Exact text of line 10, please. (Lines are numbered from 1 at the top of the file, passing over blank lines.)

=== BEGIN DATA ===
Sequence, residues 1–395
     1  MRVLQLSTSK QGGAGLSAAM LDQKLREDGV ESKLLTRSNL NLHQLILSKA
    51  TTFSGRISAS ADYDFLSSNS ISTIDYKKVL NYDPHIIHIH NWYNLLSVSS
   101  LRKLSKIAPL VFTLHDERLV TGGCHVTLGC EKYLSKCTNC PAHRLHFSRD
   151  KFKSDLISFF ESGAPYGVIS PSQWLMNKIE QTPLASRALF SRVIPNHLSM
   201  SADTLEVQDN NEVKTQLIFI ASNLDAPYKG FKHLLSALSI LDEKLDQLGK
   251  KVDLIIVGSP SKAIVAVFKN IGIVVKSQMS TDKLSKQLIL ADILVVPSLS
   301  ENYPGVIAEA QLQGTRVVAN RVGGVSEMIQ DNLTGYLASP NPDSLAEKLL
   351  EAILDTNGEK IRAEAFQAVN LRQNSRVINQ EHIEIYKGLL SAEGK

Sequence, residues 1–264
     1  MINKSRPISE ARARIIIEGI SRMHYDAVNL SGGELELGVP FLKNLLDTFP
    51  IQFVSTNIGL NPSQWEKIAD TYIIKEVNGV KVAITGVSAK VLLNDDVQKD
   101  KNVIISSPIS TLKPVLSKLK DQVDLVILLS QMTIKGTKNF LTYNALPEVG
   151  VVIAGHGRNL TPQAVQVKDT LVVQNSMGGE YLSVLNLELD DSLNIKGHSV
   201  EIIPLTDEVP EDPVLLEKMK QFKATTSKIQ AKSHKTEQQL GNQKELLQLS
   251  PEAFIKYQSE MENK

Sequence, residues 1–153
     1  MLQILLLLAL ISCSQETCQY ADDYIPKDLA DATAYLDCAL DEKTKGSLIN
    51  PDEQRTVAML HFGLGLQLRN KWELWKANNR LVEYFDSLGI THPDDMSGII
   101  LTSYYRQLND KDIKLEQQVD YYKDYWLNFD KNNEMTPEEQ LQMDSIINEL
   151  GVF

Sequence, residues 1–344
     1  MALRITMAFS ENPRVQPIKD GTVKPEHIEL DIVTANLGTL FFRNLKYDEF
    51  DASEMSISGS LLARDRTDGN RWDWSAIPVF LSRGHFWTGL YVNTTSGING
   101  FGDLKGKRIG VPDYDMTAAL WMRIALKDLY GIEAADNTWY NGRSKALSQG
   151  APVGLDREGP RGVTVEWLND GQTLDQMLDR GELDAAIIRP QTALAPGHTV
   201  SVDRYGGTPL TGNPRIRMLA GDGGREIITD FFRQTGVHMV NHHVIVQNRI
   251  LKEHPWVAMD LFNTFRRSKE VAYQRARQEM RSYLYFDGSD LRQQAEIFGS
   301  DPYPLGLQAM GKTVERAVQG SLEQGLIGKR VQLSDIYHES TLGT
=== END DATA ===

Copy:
Sequence, residues 1–264